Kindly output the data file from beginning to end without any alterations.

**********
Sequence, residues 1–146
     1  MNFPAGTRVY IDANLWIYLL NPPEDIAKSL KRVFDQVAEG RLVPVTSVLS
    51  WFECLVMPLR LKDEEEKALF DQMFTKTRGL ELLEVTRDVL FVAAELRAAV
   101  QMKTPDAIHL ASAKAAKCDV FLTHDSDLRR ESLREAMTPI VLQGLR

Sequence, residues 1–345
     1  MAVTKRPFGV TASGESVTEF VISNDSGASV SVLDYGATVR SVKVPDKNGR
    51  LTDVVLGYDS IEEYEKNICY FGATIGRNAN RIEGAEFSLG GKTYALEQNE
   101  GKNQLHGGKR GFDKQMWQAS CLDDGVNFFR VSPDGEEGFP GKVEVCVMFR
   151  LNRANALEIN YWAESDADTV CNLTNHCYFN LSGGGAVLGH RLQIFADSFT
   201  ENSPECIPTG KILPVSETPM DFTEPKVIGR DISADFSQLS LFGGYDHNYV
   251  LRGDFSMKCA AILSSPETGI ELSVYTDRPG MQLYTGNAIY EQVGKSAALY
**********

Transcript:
Sequence, residues 1–146
     1  MNFPAGTRVY IDANLWIYLL NPPEDIAKSL KRVFDQVAEG RLVPVTSVLS
    51  WFECLVMPLR LKDEEEKALF DQMFTKTRGL ELLEVTRDVL FVAAELRAAV
   101  QMKTPDAIHL ASAKAAKCDV FLTHDSDLRR ESLREAMTPI VLQGLR

Sequence, residues 1–345
     1  MAVTKRPFGV TASGESVTEF VISNDSGASV SVLDYGATVR SVKVPDKNGR
    51  LTDVVLGYDS IEEYEKNICY FGATIGRNAN RIEGAEFSLG GKTYALEQNE
   101  GKNQLHGGKR GFDKQMWQAS CLDDGVNFFR VSPDGEEGFP GKVEVCVMFR
   151  LNRANALEIN YWAESDADTV CNLTNHCYFN LSGGGAVLGH RLQIFADSFT
   201  ENSPECIPTG KILPVSETPM DFTEPKVIGR DISADFSQLS LFGGYDHNYV
   251  LRGDFSMKCA AILSSPETGI ELSVYTDRPG MQLYTGNAIY EQVGKSAALY